Ethics FAQs for FTC technologists

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The Federal Trade Commission is aggressively hiring Technologists to help drive the agency’s work, ensure a vibrant technology marketplace, conduct investigations, and hold companies and people who violate the law accountable. If you’re a technology researcher, engineer, UX designer, content strategist, or product manager and are thinking about joining us in this new approach to our work, you may have some questions about working for the federal government. Today we’re sharing answers to some frequently asked questions from our applicants about working at the FTC and the rules technologists must follow after federal service.

We recognize this does not address every factual situation or cover all nuances. If you have questions specific to your circumstances, you are strongly encouraged to seek guidance from FTC ethics. Please reach out to Craig Bannon (cbannon@ftc.gov) or Jeremy Wong (jwong2@ftc.gov).

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1) Q: If I work on an FTC investigation or litigation matter, how will that affect my ability to work for non-federal entities?

A: Federal ethics restrictions affect your ability to participate in certain matters, but they do not restrict your ability to work for particular companies or on specific issues. Federal ethics restrictions do not bar you from working in the private sector generally, even for companies involved in the matter, regardless of whether the company was the defendant, an information provider, or otherwise involved.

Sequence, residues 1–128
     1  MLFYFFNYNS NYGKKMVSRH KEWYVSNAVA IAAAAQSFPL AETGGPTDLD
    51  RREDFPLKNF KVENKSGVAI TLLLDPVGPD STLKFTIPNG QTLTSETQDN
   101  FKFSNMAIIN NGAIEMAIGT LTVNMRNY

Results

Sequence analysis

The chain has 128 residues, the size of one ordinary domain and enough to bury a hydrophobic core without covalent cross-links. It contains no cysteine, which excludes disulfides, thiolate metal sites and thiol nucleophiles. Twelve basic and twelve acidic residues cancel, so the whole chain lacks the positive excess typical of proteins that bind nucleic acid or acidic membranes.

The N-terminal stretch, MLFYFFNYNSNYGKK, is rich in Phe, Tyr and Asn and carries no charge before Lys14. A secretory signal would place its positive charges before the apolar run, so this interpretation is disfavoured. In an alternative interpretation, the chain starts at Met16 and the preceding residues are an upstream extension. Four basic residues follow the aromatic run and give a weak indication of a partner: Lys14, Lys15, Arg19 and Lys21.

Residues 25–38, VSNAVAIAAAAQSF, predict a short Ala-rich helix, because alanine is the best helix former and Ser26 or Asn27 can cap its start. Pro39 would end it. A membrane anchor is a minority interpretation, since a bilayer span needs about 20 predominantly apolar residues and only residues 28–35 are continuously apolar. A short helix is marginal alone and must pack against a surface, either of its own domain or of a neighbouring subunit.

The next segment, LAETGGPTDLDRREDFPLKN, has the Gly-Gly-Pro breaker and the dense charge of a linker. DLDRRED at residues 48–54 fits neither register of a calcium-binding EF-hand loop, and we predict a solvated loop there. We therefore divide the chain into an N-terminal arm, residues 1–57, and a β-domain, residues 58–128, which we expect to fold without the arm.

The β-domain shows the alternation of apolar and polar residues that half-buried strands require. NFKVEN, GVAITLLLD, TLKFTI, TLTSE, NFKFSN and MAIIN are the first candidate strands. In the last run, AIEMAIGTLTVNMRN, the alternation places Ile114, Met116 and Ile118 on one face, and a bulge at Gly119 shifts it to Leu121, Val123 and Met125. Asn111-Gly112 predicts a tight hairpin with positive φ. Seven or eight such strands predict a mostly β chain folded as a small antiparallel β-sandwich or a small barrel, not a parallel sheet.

Restrictions primarily depend on whether and how the work you intend to do for a non-federal entity relates to an FTC matter in which you participated, had official responsibility, or were exposed to nonpublic information.[1] For example, you could work on privacy as an issue at ABC Company, or build privacy-protective products. However, for example, if you are asked to assist ABC Company with an FTC investigation, litigation, or compliance issue that was pending, or directly resulted from a matter that was pending, when you worked at the FTC, then you would need to get review and approval from FTC ethics.

Many technologists in the private sector do not directly assist non-federal entities with FTC matters. Additionally, many technologists do not directly assist non-federal entities with specific party matters in which the United States is a party or has a direct and substantial interest. However, you may be prohibited if you intend to work on the “same” matter you handled for the FTC. Therefore, you must consider whether there is significant overlap in terms of the parties, allegations, and confidential information.

2) Q: During my FTC tenure, I worked on an FTC investigation and/or 6b study involving ABC Company as a target. Am I able to work for ABC Company as long as I do not work on that same matter?

A: Yes. The ethics rules generally do not prohibit you from accepting employment with any specific employer after federal service. So, you can work for ABC Company as long as the position does not require you to participate in a particular matter with which you would have a conflict (e.g., an investigation that you worked on at the FTC).

3) Q: If I leave the FTC and work at a company under investigation by the FTC, am I restricted on what I can work on at that company?

A: No, for most former employees. If, during your FTC service, you provided substantive input into an investigation or you were exposed to nonpublic information that could give you a present, unfair advantage, then you would be prohibited from participating (even behind-the-scenes) in that FTC investigation. However, you could still work on other matters (including FTC matters) for the company, subject to any other applicable post-government employment rules.[2]